Climate modeling, to a great extent, is based on simulating air-sea interactions. However, the small-scale interactions and related phenomena, such as the ocean waves are sub-grid processes, and cannot be simulated by climate models. Thus, Global circulation models(GCMs) usually parameterize the air-sea fluxes based on wind speed only, while as we all know that the air-sea fluxes are closely coupled with the sea state in the ocean. Furthermore, Stokes drift from ocean waves can create Langmuir circulations. Many Large Eddy Simulation studies have found that the maximum entrainment flux can be increases by a factor of two to five by Langmuir turbulence. There are also studies indicate that the interaction of stokes drift and Coriolis force has an appreciable influence on the Ekman transport at the high latitudes, which could affect the dynamic height and hence large circulation patterns in the ocean model.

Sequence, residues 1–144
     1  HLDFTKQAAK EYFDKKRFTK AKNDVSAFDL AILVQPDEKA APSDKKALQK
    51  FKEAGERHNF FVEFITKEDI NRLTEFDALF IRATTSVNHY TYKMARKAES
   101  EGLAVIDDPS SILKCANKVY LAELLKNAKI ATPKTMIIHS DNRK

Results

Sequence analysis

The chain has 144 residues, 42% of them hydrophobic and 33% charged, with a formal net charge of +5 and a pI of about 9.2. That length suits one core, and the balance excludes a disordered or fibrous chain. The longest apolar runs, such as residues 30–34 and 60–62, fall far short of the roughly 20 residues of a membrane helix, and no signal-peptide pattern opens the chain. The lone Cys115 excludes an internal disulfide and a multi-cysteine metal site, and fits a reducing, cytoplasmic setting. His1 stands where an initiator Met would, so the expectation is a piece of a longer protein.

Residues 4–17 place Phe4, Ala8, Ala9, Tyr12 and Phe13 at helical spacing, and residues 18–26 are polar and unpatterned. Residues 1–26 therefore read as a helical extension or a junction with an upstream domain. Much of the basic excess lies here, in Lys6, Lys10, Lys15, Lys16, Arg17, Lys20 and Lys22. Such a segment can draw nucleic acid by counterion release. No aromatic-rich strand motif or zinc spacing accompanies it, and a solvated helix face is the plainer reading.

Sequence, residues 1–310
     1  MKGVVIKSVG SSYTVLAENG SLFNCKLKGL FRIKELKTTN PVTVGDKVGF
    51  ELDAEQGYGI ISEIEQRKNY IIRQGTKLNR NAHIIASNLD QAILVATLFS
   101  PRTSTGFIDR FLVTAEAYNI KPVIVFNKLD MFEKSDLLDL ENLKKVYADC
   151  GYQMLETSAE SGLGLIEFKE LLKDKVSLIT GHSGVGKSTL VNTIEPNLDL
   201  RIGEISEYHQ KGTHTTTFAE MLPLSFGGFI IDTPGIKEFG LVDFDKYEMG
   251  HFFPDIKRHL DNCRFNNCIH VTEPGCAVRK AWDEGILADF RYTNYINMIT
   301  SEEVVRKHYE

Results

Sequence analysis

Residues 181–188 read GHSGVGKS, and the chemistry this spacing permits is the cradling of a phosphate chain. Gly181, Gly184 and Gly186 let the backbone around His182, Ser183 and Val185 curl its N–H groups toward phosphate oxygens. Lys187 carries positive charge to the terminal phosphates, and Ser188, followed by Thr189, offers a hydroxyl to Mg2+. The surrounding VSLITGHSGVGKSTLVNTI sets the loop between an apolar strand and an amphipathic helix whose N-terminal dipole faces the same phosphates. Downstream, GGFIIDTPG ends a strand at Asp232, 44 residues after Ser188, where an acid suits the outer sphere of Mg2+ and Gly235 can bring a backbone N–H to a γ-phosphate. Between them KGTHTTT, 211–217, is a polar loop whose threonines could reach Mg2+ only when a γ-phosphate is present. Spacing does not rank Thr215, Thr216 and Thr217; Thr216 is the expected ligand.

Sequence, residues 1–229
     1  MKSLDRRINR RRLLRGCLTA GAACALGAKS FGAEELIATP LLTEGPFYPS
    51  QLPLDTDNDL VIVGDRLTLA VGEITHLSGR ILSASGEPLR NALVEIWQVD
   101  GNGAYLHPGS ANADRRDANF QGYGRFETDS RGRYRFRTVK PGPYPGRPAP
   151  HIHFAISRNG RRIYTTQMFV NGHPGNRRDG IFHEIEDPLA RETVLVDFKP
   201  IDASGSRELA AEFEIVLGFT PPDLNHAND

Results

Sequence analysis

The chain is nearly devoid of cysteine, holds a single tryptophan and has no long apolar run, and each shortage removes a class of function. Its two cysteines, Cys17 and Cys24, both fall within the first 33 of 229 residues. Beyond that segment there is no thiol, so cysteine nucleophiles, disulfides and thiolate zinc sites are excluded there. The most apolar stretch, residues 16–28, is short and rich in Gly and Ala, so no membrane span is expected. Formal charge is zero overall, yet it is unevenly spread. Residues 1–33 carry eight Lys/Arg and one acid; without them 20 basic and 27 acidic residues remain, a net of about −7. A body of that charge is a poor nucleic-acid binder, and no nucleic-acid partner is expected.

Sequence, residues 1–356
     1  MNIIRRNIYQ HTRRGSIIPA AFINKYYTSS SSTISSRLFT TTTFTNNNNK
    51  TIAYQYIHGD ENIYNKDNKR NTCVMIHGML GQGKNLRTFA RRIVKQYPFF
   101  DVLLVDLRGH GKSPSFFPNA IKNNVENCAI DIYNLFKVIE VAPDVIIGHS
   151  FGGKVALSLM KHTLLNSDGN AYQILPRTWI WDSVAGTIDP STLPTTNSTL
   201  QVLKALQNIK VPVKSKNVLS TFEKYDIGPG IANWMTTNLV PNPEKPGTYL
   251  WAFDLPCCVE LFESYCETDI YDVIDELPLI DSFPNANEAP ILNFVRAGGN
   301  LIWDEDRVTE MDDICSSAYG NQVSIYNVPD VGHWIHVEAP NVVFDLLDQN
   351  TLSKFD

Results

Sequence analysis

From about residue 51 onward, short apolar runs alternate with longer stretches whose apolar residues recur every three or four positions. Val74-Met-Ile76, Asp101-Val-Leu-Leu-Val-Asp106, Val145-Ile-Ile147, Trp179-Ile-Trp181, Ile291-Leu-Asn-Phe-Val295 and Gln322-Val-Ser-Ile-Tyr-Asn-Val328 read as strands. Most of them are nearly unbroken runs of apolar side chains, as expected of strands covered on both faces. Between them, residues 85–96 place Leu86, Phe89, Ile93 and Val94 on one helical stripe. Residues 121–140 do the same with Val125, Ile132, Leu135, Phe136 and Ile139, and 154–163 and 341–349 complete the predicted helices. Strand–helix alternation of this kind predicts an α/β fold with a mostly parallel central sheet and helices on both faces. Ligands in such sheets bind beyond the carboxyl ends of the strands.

Motivated by all these research questions, we have developed a fully coupled atmosphere-wave-ocean model at GFDL. NCEP’s WAVEWATCH III is used for this coupling. The wave climatology generated by this couple model was extensively evaluated against NDBC buoy observations, satellite measurements, and ERA-40 reanalysis and shown very good agreements in terms of magnitude, spatial distribution, and climate variabilities. A new momentum roughness (zo) parameterization as a function of both the wind speed and the sea state is implemented based on recent field observations, which is similar to Beljaar (1994) that was commonly used in GCMs when the wind speed is less than 20 m/s, but becomes significantly lower as the wind speed increases (Fan et al. 2012). The new zo has shown improvements in surface wind simulations for the 1990 control run following Delworth et al (2006). Two different Langmuir turbulence parameterizations are also implemented in the coupled model and evaluated using the 1990 control run. Preliminary results have shown that the ocean stratification should be taken into account for Langmuir turbulence parameterizations in GCMs.